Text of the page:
Laguna College of Art and Design

Course Listings

Prototyping 1

Course ID: GA501
Course Credits: 2
Requirement: R
Course Description:
s course will cover critical skills necessary to construct agile and iterative prototypes for the purpose of establishing credibility in chief mechanical concepts and technological approaches. Students will learn to create thorough requirements listings, construct and dissect systems, write technical literature, build architectural and-case diagrams, build simple prototypes using visual and non-visual scripting methodologies, and industry standard deployment practices. Students will be exposed to the technical process by which qualities that are deemed desirable and ?fun? are iteratively procured, refined, and eventually transformed into full production-scale endeavors. requirements listings, construct and dissect systems, write technical literature, build architectural and-case diagrams, build simple prototypes using visual and non-visual scripting methodologies, and industry standard deployment practices. Students will be exposed to the technical process by which qualities that are deemed desirable and _fun? are iteratively procured, refined, and eventually transformed into full production-scale endeavors.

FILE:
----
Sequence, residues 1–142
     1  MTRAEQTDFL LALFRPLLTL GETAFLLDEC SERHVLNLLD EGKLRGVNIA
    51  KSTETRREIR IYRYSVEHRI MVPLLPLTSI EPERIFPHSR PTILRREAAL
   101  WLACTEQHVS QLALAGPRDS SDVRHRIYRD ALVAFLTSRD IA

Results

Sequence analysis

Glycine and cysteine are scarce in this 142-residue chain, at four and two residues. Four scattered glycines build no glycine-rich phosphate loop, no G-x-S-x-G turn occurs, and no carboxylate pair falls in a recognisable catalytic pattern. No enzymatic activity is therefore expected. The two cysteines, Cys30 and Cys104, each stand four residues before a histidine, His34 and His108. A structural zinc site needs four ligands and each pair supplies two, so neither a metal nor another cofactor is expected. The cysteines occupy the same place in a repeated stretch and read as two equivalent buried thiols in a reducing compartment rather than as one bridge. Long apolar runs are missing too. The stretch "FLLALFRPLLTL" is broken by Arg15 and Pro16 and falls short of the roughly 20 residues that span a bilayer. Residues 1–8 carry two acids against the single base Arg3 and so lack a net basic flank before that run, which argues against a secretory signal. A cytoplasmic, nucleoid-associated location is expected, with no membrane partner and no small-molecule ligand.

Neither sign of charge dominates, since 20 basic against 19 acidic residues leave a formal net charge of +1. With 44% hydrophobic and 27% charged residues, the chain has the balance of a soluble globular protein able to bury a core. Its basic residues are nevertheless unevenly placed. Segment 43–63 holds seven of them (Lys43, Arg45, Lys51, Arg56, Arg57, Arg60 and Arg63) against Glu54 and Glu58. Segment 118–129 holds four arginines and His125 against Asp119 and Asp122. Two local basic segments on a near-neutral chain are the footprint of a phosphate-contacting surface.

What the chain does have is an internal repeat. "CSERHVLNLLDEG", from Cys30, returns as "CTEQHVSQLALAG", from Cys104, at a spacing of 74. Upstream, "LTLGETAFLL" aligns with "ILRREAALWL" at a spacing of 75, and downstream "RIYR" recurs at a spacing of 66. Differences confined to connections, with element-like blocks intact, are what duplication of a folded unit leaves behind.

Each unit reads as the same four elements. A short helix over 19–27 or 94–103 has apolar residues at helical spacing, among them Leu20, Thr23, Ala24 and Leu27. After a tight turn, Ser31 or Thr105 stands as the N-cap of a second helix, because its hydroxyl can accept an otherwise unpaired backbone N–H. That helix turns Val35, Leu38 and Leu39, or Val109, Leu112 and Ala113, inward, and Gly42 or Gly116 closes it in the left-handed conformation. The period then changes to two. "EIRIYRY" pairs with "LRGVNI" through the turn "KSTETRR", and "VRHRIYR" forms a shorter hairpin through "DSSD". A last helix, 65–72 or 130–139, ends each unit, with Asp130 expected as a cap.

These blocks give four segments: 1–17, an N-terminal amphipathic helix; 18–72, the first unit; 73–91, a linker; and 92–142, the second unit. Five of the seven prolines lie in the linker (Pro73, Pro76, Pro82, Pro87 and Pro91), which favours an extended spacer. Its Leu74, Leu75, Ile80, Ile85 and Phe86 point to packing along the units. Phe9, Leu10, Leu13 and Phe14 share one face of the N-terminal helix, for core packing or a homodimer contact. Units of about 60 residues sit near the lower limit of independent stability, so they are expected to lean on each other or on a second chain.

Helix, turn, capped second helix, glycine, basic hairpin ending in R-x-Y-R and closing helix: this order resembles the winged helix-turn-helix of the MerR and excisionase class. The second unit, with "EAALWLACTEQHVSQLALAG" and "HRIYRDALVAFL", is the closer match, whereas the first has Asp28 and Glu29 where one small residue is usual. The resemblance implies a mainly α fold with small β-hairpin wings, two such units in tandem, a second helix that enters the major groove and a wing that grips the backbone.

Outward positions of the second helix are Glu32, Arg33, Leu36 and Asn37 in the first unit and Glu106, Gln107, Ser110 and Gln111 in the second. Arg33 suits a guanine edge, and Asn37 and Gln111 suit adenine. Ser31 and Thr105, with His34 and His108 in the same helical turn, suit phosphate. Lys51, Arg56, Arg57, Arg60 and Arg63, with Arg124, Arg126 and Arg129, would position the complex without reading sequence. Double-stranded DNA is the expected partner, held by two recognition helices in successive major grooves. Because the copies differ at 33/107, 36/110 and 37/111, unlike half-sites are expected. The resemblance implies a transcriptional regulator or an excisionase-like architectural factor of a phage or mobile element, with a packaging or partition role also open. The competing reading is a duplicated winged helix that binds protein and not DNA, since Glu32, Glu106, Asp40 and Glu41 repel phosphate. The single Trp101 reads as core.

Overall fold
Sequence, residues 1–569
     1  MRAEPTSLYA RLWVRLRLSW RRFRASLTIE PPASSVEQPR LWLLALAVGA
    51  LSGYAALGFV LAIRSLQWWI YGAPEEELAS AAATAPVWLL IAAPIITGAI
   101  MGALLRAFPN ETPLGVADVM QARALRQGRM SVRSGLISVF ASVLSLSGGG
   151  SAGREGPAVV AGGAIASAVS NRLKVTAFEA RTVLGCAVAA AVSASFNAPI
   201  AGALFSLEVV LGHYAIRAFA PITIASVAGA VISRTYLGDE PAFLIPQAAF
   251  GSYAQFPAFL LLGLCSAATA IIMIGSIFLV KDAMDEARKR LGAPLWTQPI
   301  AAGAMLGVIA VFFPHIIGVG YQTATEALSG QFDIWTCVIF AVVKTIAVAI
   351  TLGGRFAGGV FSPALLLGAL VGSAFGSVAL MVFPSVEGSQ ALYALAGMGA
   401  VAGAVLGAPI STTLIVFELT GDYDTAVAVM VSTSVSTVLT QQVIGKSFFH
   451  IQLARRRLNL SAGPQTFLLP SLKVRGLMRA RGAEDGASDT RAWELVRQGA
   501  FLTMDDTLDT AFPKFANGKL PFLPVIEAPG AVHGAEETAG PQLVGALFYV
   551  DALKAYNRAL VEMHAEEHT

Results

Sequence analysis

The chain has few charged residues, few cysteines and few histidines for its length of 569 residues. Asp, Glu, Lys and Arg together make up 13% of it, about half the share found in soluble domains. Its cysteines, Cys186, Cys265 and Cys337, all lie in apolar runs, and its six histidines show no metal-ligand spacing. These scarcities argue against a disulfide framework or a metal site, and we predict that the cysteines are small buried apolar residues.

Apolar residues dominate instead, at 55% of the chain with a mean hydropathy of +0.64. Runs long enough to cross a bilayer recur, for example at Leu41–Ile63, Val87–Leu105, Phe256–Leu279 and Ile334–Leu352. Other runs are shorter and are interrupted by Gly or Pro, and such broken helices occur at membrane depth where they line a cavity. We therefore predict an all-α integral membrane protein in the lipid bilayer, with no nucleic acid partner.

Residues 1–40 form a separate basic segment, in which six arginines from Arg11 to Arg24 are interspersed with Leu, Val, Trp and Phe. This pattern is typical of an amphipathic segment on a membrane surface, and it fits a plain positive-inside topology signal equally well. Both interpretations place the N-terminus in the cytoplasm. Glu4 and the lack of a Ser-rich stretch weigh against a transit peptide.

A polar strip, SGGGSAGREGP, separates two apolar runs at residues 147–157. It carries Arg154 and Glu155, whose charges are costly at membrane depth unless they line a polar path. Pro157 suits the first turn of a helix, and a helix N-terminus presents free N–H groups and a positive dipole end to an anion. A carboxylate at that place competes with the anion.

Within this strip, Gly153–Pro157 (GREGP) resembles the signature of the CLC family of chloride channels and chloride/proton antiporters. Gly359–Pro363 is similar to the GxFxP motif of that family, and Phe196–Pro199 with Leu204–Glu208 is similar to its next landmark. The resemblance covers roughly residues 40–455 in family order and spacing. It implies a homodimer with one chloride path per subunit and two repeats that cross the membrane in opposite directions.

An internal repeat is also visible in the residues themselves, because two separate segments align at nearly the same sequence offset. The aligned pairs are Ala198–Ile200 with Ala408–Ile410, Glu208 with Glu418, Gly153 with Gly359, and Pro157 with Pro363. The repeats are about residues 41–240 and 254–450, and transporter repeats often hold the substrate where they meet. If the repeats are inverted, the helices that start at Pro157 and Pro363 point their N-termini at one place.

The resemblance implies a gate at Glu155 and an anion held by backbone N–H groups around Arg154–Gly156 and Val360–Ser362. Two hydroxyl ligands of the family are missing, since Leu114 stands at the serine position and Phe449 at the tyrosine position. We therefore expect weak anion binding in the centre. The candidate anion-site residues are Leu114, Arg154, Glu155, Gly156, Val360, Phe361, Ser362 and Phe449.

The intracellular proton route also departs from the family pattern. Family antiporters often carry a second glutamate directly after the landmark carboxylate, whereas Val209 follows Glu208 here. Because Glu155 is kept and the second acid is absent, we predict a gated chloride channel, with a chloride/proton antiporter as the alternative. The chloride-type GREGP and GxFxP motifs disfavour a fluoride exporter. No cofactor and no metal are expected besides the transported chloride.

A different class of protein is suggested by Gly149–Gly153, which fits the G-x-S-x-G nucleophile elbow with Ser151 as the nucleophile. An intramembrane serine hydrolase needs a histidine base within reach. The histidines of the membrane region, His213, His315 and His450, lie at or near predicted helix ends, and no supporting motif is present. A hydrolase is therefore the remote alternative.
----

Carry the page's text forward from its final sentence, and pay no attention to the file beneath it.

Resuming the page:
Game Production

Course ID: GA502
Course Credits: 2
Requirement: R
Course Description:
This course will expose students to a wide range of processes?and methodologies?by which game development studios operate in a Production Capacity. Students will study different game production methodologies by implementing and using these methodologies?directly in their projects both real and fictional. Students will be expected to use modern software to create task lists, risk management analysis, user stories, create and execute sprints, create and understand budgets as well as forecasts and reports. Students will be participating in honing both the hard and soft skills of Game Production.?

Comparative Engine Technology

Course ID: GA503
Course Credits: 3
Requirement: R
Course Description: